Best Books of the Month Shop Costumes Learn more nav_sap_SWP_6M_fly_beacon Joe Bonamassa All-New Fire TV Stick with Voice Remote Grocery New Kitchen Scale from AmazonBasics Amazon Gift Card Offer gdwf gdwf gdwf  Amazon Echo Starting at $49.99 Kindle Voyage Shop Now Halloween

Enter your mobile number or email address below and we'll send you a link to download the free Kindle App. Then you can start reading Kindle books on your smartphone, tablet, or computer - no Kindle device required.

  • Apple
  • Android
  • Windows Phone
  • Android

To get the free app, enter your email address or mobile phone number.

Other Worlds: The Search for Life in the Universe 1st Edition

5 customer reviews
ISBN-13: 978-0684832944
ISBN-10: 0684832941
Why is ISBN important?
This bar-code number lets you verify that you're getting exactly the right version or edition of a book. The 13-digit and 10-digit formats both work.
Scan an ISBN with your phone
Use the Amazon App to scan ISBNs and compare prices.
Have one to sell? Sell on Amazon
Buy used
Condition: Used: Very Good
Comment: A copy that has been read, but remains in good condition. Pages are intact and are NOT marred by notes or highlighting. It has no sign of wear and is ready to be shipped by amazon. Thank you.
Access codes and supplements are not guaranteed with used items.
45 Used from $0.28
More Buying Choices
12 New from $3.59 45 Used from $0.28 4 Collectible from $5.44
Free Two-Day Shipping for College Students with Amazon Student Free%20Two-Day%20Shipping%20for%20College%20Students%20with%20Amazon%20Student

Save Up to 90% on Textbooks Textbooks

Editorial Reviews Review

The first planet around a sunlike star was finally detected in 1995, after decades of false alarms. It was inevitable that within a couple of years a flood of books on extrasolar planets would gush forth. Michael Lemonick is the senior science writer at Time magazine, and his account is the most readable and vivid yet. He has a fluid, anecdotal style, with a good ear for the sort of simile that really speaks to the average reader, as when he describes hooking up a radio telescope being like "setting up a new computer yourself. Sometimes it just plain doesn't work, and you can't for the life of you figure out why."

Lemonick structures Other Worlds around Geoff Marcy and Paul Butler, whose Extrasolar Planet Search Project at the University of California, San Francisco, is the most successful program so far, with six planet discoveries to its credit by the end of 1998. Lemonick's other touchstone is the Drake Equation, which he hyperbolically calls "the second most important equation of the century." If we could fit in values for the seven terms in this equation, we could say something sensible about the number of civilizations in the galaxy. So far, the Search for Extraterrestrial Intelligence (SETI) has not come up with any actual data, but, as one researcher says, it's "the world's biggest carrot," and worth enduring a considerable number of sticks. --Mary Ellen Curtin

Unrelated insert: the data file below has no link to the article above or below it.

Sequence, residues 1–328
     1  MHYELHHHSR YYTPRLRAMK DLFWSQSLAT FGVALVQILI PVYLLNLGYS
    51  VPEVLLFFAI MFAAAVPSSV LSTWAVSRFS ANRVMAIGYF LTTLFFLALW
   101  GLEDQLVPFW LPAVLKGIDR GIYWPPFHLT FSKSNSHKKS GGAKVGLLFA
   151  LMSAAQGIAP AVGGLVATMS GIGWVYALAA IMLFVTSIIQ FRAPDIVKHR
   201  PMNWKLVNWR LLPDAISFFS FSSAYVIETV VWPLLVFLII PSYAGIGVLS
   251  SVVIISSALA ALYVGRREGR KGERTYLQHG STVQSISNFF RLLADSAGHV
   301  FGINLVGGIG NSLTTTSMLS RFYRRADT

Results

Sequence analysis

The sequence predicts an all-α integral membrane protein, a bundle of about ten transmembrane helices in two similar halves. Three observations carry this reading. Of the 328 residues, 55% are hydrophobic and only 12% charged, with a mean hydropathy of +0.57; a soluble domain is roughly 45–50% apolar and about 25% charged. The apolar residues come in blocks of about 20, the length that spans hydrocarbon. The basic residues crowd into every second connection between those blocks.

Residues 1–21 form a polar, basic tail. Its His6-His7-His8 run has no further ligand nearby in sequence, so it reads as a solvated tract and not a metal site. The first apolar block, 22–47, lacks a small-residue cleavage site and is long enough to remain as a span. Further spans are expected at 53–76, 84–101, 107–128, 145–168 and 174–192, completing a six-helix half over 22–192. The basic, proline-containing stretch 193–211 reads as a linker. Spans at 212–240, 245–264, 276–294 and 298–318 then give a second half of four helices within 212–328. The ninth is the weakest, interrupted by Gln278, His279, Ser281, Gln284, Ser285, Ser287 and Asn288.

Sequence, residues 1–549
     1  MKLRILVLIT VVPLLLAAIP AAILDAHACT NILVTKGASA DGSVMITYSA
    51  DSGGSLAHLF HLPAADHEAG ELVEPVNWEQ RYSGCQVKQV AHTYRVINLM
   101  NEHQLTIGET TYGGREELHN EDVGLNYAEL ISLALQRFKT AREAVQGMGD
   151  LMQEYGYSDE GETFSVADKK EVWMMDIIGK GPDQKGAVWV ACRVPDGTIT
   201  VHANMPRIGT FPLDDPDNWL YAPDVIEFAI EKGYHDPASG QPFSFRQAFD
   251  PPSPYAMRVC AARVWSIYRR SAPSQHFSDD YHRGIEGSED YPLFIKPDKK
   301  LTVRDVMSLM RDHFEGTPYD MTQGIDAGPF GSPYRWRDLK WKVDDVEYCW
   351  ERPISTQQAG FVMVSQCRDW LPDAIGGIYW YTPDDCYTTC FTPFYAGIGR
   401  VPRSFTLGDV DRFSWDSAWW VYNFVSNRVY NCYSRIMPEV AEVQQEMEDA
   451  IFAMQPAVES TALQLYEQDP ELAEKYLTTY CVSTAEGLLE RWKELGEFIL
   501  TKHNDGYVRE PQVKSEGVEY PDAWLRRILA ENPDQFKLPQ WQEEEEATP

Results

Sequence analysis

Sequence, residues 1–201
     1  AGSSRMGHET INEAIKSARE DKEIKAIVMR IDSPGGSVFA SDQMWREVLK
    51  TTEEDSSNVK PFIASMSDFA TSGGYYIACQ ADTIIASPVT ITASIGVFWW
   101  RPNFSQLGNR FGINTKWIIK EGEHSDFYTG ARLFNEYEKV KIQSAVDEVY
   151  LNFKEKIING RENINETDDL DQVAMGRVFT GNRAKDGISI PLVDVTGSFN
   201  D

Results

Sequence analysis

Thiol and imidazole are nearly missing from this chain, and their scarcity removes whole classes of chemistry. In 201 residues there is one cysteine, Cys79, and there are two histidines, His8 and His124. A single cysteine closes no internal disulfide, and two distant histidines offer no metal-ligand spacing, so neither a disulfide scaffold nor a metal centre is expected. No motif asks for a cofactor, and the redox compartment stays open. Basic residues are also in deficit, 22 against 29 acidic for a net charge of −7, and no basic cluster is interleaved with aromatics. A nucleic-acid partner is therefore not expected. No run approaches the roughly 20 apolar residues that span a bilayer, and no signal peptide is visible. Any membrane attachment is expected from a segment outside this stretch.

From Publishers Weekly

When the discoveries of the first-confirmed extra-solar planets and evidence for ancient life in a meteorite from Mars were announced within six months of each other in 1996, a spate of titles on the subject of life in the universe became inevitable. Fortunately, this "work of journalism rather than... scholarship," as described by Lemonick (The Light at the Edge of the Universe), senior science writer at Time, favors careful reporting over sensationalism, conveying extraordinarily well both the excitement and the challenge of the famous Drake Equation, which makes a concise mathematical prediction of the number of intelligent, communicating civilizations in the Milky Way galaxy. Lemonick explores the Drake Equation term by term, describing in clear and engrossing detail both the human and scientific stories of the technological wizards, like San Francisco State scientists Geoff Marcy and Paul Butler, whose work has taken us to the edge of discovery of other Earth-like worlds, using spectroscopy, the projected NGST (Next Generation Space Telescope) and other innovative technologies and methodologies. Although cautious readers may argue with Lemonick's prediction that we may have proof within a decade or two of life on other planets, few would dispute the power of his energetic work to carry readers to the frontier of scientific knowledge, technological creativity and human curiosity.
Copyright 1998 Reed Business Information, Inc.

See all Editorial Reviews

Best Books of the Month
Best Books of the Month
Want to know our Editors' picks for the best books of the month? Browse Best Books of the Month, featuring our favorite new books in more than a dozen categories.

Product Details

  • Hardcover: 272 pages
  • Publisher: Simon & Schuster; 1st edition (May 14, 1998)
  • Language: English
  • ISBN-10: 0684832941
  • ISBN-13: 978-0684832944
  • Product Dimensions: 1 x 6.8 x 9.5 inches
  • Shipping Weight: 1 pounds
  • Average Customer Review: 4.4 out of 5 stars  See all reviews (5 customer reviews)
  • Amazon Best Sellers Rank: #5,278,940 in Books (See Top 100 in Books)

More About the Author

Discover books, learn about writers, read author blogs, and more.

Customer Reviews

5 star
4 star
3 star
2 star
1 star
See all 5 customer reviews
Share your thoughts with other customers

Most Helpful Customer Reviews

7 of 9 people found the following review helpful By A Customer on January 10, 1999
Format: Hardcover
Are Earth-like planets a rarity in the universe? Is our Solar System, with its 9 peaceful planets in circular orbits, some fluke or a godsend among the 100 billion stars in our Milky Way Galaxy? Is intelligent life in the universe such a rarity that we may be cosmically alone?